MacKenzie Scott gifts $281 million to the Boys & Girls Clubs of America.
While her ex-husband Jeff Bezos continues to accumulate vast wealth, MacKenzie Scott is making good on her Giving Pledge promise with a donation of $281 million to the Boys & Girls Clubs of America non-profit organisation.
Having undertaken to give away most of her estimated $62.2 billion personal wealth, the American philanthropist, novelist and 4% Amazon stakeholder has followed up on previous large donations (to causes focusing on LGBTQ+ and racial equality, democracy, climate change and people affected by the economic impact of the COVID-19 pandemic) with gifts that will benefit 62 local Boys & Girls Clubs around the United States.
In Scott’s largest public gift so far, $25 million will go to the 160-year-old organisation’s head office in Atlanta, while the remaining $256 million will be distributed among local clubs providing after-school programmes for young people focused on homework, arts, STEM, leadership, mentoring, recreation and sports.
“Gifts like this are rare and have incredible impact,” said Jim Clark, president and chief executive officer of the Boys & Girls Clubs of America. “It’s a historic moment for our organisation and the clubs that received MacKenzie Scott’s significant support. We know now more than ever, that, with the right support system, positive mentorship and opportunities, kids can thrive.”
“She’s not going to the usual suspects,” said Tyrone Freeman, assistant professor of philanthropic studies at the Indiana University Lilly Family School of Philanthropy. “She’s really challenging people to think more broadly about groups which are really doing something for their communities.”
Stipple founder Ray Flemings launches UHNW luxury services marketplace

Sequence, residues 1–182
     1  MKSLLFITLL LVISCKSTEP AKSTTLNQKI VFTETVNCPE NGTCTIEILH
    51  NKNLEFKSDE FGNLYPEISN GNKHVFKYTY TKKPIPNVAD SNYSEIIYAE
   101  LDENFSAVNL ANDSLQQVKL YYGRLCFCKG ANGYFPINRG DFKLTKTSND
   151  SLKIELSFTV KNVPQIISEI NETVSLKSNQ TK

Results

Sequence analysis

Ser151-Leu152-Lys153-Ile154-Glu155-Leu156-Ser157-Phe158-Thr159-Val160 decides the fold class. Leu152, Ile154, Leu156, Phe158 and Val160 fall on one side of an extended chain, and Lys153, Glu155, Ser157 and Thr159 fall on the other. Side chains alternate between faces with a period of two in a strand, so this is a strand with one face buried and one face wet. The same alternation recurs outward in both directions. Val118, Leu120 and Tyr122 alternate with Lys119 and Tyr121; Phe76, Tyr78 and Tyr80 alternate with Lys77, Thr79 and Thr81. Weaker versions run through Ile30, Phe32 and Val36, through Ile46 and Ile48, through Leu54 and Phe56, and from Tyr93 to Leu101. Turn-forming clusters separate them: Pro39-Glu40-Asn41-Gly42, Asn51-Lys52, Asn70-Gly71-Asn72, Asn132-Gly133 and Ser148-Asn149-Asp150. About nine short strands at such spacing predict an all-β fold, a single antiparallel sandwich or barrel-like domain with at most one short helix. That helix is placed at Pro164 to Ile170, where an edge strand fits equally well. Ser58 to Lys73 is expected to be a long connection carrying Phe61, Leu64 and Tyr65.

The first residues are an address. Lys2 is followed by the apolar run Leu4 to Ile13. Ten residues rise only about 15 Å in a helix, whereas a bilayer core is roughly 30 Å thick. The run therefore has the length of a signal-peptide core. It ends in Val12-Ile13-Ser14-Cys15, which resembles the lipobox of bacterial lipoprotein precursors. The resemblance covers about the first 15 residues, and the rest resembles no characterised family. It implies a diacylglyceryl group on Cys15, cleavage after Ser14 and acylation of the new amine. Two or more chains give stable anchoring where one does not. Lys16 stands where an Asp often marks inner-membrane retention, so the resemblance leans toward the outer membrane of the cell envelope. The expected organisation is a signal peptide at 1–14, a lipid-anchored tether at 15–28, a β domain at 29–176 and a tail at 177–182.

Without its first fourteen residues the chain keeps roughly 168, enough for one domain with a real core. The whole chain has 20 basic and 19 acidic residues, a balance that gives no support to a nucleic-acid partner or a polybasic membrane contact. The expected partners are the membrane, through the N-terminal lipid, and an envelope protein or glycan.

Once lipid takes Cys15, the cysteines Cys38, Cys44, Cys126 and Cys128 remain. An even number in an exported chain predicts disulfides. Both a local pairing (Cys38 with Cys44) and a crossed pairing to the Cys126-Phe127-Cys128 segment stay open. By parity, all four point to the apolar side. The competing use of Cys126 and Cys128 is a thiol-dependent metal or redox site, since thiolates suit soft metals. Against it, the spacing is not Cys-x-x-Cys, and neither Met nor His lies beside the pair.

Ray Flemings, the billionaire founder of now-defunct image-tagging software Stipple, has launched Myria, a new private marketplace selling luxury services to family offices and the world's wealthiest people.
With many of the most sought-after services, experiences and philanthropic opportunities not always easily available, Myria aims to offer unique opportunities to ultra-high net-worth families and individuals.
Built exclusively for the 300,000 most successful people in the world, Myria will connect pre-vetted clients with off-market sellers focussing on experiences; travel and events; security and risk; impact and philanthropy; medical, health and wellness; major purchases and sales (such as estate, marine and aviation); hiring and staffing; and dating and matchmaking.
"Money can buy many things, but not everything,” said Fleming. “Myria is a circle of trust enabling our sellers to offer things to our members which cannot be offered elsewhere. Our product is designed to encourage members to have more fun and lead more impactful lives.
“The vacation homes the wealthiest want to rent are unlisted. The doctors they want don't practice at the local hospital. The concert and sport experiences they desire aren't sold by ticket brokers. The restaurants they want to eat at have eight-month waitlists. The charitable opportunities that would inspire them aren't easy enough to find.”
Before launching Myria, Flemings founded concierge services firm The Blue, which served 48 families with a combined net worth in excess of $400 billion. “For nearly 15 years, I've provided a small number of clients with access to off-market capabilities,” said Fleming. “But this was always done on a one-off basis. Creating an online platform enables us to provide access to off-market opportunities at scale.”
Christian Beck’s family office brings former Goldman Sachs boss on board
The family office of Australian tech entrepreneur Christian Beck has engaged senior Goldman Sachs Australia investment banker Chris Champion to help elevate their business globally.
Beck, who owns software services company ATI Global, which oversees legal tech firm Leap Legal and property search business InfoTrack, had previously worked closely with Goldman Sachs and Champion over the past decade, including a recent $1 billion refinancing deal.
Beck is listed on The Australian Financial Review’s (AFR) Rich List with an estimated net worth of $905 million. Meanwhile, Champion is, according to the AFR, regarded as one of the top leveraged finance bankers in the country, structuring debt deals and raising finance for corporate and financial investor clients. He had been at Goldman Sachs for more than 15 years.